What Happens Once You Get Off the Train?

Economist Tyler Cowen responds to my recent take on Ed Glaeser’s recent HSR column:

My question is simple: how could you take rail from
Dallas to Houston and cope once you got there?  San Antonio I can see,
at least provided you will camp out in city center (a mistake, but
that’s a question for a different day).  I am willing to be converted,
but what are the odds of such a line attracting significant patronage,
with or without ongoing subsidy to the fares and not just to line
construction?  Or is the vision that everyone takes the train and then
rents a car on arrival?  According to Matt Yglesias, the plan won’t even directly link Houston to Dallas.  By the way, here are some of the other planned links from Texas.  Will people really take trains from Houston to Meridien, Mississippi?

I don’t really understand why Tyler thinks this is a problem. People
fly between cities all the time, and airports, unlike rail hubs, are
miles from central business districts. So what will people do once
they’ve taken a train from one city to the next?

Well, in some cases
they’ll find themselves within walking distance of their destination.
In other cases, they’ll find themselves within an easy transit ride of
their destination: Dallas and Houston have serious plans to add to
their rail networks.

For other visitors, cabs or car-sharing will be an
option. And for some subsets of travelers, renting a car will be the
best option. If you’re staying for the week and visiting your auntie in
Galveston, then you’ll need to rent a car. If you have a midday meeting
downtown and are then heading back home, rail is a perfect option.

And others will ask themselves this question, get no satisfactory
answer, and decide to drive. But if you have a rail option that’s not
much more expensive than driving, and is faster than driving, and
allows you to work or sleep while traveling, and delivers you within
easy reach of your destination, then I don’t see how that option fails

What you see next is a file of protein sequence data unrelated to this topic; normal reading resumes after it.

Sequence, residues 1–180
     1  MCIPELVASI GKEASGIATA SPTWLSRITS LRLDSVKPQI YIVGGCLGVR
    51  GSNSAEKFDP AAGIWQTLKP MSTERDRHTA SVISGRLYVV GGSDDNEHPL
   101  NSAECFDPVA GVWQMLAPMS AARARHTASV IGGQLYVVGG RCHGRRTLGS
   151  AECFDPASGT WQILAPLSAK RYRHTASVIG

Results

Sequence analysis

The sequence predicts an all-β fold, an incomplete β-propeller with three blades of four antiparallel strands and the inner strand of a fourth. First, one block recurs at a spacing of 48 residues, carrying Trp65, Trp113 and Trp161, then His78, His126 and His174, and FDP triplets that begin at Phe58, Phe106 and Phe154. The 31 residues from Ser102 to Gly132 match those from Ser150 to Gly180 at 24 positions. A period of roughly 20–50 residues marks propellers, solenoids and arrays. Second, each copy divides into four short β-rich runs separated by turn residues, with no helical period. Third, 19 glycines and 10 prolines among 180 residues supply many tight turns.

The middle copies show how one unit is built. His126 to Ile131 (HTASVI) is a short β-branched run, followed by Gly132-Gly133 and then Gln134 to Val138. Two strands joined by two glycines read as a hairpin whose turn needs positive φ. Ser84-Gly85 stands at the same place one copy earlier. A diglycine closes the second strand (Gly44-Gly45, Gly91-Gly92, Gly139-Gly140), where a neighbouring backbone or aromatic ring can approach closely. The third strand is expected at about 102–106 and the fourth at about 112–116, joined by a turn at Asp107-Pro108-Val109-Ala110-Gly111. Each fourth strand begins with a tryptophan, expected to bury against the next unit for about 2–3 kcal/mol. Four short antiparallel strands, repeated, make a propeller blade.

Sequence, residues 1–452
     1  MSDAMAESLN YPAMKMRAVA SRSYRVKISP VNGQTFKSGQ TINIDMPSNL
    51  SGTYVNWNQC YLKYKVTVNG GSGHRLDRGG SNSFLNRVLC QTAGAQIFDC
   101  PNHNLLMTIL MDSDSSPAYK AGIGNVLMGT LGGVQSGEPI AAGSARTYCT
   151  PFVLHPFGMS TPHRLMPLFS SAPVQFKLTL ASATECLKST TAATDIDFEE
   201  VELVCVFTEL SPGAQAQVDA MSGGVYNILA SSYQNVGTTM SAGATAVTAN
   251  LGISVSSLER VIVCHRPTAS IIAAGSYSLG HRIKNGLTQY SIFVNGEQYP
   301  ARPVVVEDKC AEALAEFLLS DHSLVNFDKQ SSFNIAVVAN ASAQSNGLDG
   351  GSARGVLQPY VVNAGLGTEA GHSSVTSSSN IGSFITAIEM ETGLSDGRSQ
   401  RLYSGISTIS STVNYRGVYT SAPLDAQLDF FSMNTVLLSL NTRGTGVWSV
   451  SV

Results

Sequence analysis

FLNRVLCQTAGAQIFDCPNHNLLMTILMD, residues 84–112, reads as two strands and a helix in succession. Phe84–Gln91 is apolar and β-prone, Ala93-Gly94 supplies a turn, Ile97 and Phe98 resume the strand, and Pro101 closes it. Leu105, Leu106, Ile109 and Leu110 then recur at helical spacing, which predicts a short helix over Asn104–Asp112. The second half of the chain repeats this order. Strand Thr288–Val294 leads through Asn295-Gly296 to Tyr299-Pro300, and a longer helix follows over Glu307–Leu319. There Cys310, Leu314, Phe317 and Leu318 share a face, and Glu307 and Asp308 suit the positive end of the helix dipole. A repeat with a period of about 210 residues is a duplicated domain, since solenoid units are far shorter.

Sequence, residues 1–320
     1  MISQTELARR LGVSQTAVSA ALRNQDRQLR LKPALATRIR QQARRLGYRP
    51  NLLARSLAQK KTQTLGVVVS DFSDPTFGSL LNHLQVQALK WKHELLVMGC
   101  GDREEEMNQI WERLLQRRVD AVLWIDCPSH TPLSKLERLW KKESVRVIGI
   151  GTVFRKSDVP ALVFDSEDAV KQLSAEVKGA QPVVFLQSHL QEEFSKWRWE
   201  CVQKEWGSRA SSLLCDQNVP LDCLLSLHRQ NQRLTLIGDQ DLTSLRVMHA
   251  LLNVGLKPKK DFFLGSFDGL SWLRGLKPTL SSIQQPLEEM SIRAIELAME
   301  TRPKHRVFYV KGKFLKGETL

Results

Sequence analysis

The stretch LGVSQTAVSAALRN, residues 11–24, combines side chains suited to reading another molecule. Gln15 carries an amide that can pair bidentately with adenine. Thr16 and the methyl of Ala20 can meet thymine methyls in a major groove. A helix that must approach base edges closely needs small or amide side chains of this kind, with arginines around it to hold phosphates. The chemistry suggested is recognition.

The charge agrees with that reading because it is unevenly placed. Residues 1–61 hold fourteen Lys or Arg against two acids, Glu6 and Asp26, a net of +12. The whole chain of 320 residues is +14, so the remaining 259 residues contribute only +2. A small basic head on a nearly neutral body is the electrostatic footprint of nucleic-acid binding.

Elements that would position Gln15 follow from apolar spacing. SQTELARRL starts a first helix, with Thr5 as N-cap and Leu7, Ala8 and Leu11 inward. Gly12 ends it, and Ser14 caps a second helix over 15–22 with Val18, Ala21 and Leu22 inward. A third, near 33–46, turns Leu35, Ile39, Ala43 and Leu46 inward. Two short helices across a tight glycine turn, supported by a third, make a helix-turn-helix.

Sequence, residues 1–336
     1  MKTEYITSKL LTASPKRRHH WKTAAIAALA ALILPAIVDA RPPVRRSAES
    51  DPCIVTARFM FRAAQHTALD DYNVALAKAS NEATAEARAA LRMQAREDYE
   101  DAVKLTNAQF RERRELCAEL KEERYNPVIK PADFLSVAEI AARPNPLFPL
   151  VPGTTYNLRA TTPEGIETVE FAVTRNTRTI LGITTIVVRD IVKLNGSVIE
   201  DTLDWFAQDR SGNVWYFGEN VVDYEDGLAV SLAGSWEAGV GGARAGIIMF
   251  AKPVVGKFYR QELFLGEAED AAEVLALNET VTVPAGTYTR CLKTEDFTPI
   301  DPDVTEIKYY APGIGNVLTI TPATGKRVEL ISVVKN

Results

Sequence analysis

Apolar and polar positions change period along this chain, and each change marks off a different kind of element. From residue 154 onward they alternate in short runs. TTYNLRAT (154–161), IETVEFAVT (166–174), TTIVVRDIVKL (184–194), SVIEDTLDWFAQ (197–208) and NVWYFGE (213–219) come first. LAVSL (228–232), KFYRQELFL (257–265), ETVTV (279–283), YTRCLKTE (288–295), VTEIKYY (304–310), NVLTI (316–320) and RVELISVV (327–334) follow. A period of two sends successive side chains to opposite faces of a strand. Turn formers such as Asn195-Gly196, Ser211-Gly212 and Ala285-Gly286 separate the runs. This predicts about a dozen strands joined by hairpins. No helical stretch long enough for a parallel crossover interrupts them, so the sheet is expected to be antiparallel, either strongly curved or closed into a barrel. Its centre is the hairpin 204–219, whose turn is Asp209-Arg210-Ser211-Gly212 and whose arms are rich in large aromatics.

to generate plenty of traffic.

A final point: infrastructure construction influences land use
patterns. Just look at the Washington metropolitan area.

Jobs cluster
around Metro stations on lines extending outward from the central
business district. Job clusters follow major interstates, including
I-66, I-270, and I-495. And jobs bunch around the region’s airports;
look out from the front of the terminal at Dulles, and you see office
building after office building.

If you build an effective rail system (and especially if you build
complementary systems like transit and car-sharing services around that
system), then employment and population patterns will respond to the
shift in transportation costs. Infrastructure provides its own demand.

I’m also kind of amused at Tyler’s question, "Will people really take trains from Houston to Meridien, Mississippi?"
For the right price, yes, people will take trains from Houston to just
about anywhere. But Tyler, trains move in the other direction, too!

It’s easy to sit around and say, "What’s the market for folks taking a
train from Houston to Lake Charles or Dallas to Midland?" But for those
traveling into the major metropolitan areas, trains could be
tremendously advantageous.

I’m sure there were a lot of people back in
the day wondering who would take a Metro train from downtown Washington
to Rockville, Maryland. Now, of course, the Red Line is an indispensable transit link between city and suburb.

  • Marty Barfowitz

    …and in some cases cities will build light rail and bus connections, car- and bike-sharing systems, new offices, housing, restaurants and walkable urban environments around their newly built or newly revitalized intercity train stations.

    High-speed rail will be an incredible catalyst for good, sustainable urban development and intracity transit. A person gets off a high-speed rail train in the middle of Phoenix, having avoided the horrible traffic on the way up from Tucson, and all the sudden you’ve created demand for a good transit system or a new office building in the middle of Phoenix. I fail to see the downside of this.

  • David C

    It’s not just Houston to Meridian either. Trains aren’t like planes – they make all the stops along the way. So it’s Houston to Beaumont, Lake Charles, Baton Rouge etc…My parents live in Beaumont. I’ve made the 2 hour drive hundreds of times – and the 30 minute flight a few too. I would love to be able to take the train. I often have to rent a car just to make the drive and flying (once you deal with the layover) is no faster. People would use it if it were there.

  • Rj

    Let’s not fool ourselves here that most people will be served by light rail in places like Houston and Dallas. While it is a good thing that those cities are expanding, there are a lot of people who will need to get to satellite cities, office parks in suburbs and even a grandma in a neighborhood without a train. There really need to be proper car rental desks at train stations, complete with shuttles to cars. Not Zipcars, but use-it-for-four-days corporate expense account friendly Budgets and Hertzes. There are just too many people who take the medium-range trips best served by HSR who need rental cars for their specific needs, especially in cities not already well-served by intercity rail.

    Besides, the more HSR looks just like air travel except without arriving 2 hours before departure, the easier it will be to attract market share from planes.

  • Yet another reason why the first response to any “transit conundrum” should be “land use.”


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